What is the difference between a traditional IRA and a Roth IRA? Which one should I choose? Can I have both? TD Ameritrade can help you decide.
An Individual Retirement Account (IRA) is the primary way many people invest for retirement when they don’t have access to a 401(k) or employer-sponsored retirement plan at work. Others use it to supplement the contributions to their employer's plan in an effort to maximize savings.
Either way, an IRA may be a great way to invest for retirement and reduce your taxes. Which one you choose will depend on many factors, including your eligibility and financial situation.
The contribution limits for traditional and Roth IRAs are the same: $5,500 (2017 & 2018), plus an additional $1,000 if you’re age 50 or older. And they have the same deadline. You have until April 17, 2018 to make a 2017 contribution.
However, traditional and Roth IRAs offer different features and tax benefits, which may make one more appealing to you than the other.
Your decision may ultimately come down to whether you expect your income tax rate to be higher or lower in retirement. For example, if you think your tax rate will be higher, you may decide to contribute to a Roth IRA and pay taxes now at your current rate. During retirement, any qualified distributions would be tax free regardless of your tax bracket. On the other hand, if you think you'll be in a lower tax bracket in retirement, you may want to a consider a traditional IRA and pay taxes later when you take the money out.
Because no one knows for certain what the future holds, you may want to consider having both a traditional and Roth IRA. This approach may help you create a withdrawal strategy in retirement that minimizes taxes and keeps more of your money working for you. Note: between both accounts, you can’t contribute more than $5,500 ($6,500 age 50+) for any one year.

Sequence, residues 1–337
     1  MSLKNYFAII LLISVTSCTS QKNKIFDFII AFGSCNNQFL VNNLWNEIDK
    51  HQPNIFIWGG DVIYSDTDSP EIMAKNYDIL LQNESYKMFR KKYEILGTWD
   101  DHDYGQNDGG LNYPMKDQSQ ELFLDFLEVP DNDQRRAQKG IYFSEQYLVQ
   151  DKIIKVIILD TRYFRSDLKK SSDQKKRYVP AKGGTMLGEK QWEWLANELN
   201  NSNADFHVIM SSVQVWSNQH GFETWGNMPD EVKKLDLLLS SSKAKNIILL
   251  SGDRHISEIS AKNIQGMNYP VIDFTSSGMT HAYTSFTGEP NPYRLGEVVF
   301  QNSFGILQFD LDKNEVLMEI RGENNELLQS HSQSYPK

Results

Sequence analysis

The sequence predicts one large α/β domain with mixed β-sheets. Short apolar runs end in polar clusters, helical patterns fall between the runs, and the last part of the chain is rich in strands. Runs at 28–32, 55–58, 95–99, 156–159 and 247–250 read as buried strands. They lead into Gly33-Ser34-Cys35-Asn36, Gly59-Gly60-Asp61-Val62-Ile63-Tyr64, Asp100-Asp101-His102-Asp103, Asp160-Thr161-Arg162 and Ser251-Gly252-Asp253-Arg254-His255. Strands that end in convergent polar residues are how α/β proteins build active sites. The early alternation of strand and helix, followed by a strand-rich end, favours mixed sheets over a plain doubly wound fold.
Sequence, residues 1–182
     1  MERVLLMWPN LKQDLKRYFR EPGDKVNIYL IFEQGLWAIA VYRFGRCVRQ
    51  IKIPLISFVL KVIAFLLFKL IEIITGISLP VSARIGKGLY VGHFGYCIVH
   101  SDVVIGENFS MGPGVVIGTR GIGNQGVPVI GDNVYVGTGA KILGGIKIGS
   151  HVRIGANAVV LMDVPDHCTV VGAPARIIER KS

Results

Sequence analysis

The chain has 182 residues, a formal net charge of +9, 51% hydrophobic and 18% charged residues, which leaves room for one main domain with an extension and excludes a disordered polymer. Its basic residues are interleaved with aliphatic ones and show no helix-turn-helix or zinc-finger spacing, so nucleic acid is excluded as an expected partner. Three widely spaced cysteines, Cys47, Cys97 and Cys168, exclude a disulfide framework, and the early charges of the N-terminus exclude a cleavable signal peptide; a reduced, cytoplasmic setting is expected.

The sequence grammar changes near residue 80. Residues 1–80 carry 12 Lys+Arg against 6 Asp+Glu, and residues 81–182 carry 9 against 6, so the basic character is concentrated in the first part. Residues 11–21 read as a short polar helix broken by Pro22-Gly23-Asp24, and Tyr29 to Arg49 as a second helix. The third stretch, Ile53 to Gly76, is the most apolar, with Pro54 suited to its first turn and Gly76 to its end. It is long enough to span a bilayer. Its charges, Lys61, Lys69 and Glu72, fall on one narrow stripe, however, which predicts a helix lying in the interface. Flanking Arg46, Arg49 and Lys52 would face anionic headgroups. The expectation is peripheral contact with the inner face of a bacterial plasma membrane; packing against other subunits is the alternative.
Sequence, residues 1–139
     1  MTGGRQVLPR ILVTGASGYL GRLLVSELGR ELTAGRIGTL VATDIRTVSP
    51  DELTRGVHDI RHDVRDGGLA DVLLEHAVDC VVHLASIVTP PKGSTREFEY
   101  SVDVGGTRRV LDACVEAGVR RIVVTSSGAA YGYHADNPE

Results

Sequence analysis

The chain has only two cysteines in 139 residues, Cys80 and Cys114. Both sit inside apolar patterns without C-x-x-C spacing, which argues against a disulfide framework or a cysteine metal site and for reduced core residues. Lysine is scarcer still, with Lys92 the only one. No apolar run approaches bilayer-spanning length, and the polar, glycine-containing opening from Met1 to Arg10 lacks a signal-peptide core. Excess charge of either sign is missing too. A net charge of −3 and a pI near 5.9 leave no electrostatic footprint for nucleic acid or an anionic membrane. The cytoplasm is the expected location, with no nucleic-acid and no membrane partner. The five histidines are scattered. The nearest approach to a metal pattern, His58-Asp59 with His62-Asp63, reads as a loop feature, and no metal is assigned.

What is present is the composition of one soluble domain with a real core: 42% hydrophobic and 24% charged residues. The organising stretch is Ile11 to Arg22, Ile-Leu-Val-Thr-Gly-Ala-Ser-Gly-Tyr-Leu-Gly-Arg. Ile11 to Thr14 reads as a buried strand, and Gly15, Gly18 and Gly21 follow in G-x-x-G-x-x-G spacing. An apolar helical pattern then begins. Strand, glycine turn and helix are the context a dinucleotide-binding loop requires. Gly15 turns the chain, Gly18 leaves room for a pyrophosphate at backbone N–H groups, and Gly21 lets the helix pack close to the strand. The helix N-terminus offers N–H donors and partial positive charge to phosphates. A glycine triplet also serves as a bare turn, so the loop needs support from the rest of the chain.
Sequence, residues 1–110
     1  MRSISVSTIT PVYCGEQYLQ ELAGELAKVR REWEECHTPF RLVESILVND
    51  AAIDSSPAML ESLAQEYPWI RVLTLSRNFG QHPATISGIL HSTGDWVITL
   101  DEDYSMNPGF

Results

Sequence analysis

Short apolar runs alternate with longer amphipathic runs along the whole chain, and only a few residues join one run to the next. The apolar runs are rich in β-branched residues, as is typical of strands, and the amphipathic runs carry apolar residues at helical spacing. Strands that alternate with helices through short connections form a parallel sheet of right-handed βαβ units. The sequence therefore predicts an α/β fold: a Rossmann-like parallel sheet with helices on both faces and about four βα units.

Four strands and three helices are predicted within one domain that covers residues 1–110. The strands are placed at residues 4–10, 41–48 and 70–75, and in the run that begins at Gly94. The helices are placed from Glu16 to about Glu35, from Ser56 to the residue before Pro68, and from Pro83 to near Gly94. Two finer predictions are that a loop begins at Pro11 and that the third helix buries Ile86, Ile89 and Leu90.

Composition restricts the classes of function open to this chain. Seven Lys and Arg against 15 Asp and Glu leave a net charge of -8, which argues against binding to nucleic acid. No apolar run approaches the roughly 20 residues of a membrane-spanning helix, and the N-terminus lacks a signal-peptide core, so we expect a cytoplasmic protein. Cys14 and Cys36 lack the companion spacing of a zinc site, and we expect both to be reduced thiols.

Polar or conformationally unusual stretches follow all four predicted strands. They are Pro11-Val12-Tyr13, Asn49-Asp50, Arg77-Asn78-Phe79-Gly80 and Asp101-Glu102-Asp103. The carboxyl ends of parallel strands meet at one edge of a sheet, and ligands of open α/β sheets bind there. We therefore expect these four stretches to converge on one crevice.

If you already have a traditional IRA and want to potentially reduce your tax bill in retirement, you could consider converting (transferring) some or all of your account to a Roth IRA. You may also want to consider a conversion if your income is too high to contribute to a Roth directly. However, before proceeding, you’ll want to make sure you have enough funds to cover taxes. Any money you transfer is taxable at the time of conversion. Plus, any Roth conversions completed after December 31, 2017 can no longer be "recharacterized," which means they can't be transferred back to a traditional IRA if you change your mind about the conversion.
Traditional and Roth IRAs are both great ways to invest for retirement and offer solid benefits. The type you choose should align with your goals and financial situation. Still not sure which one that is? Check out TD Ameritrade's IRA tools and resources to help you decide. The most important thing is to get started and take control of your retirement.
All investing involves risks including loss of principal.
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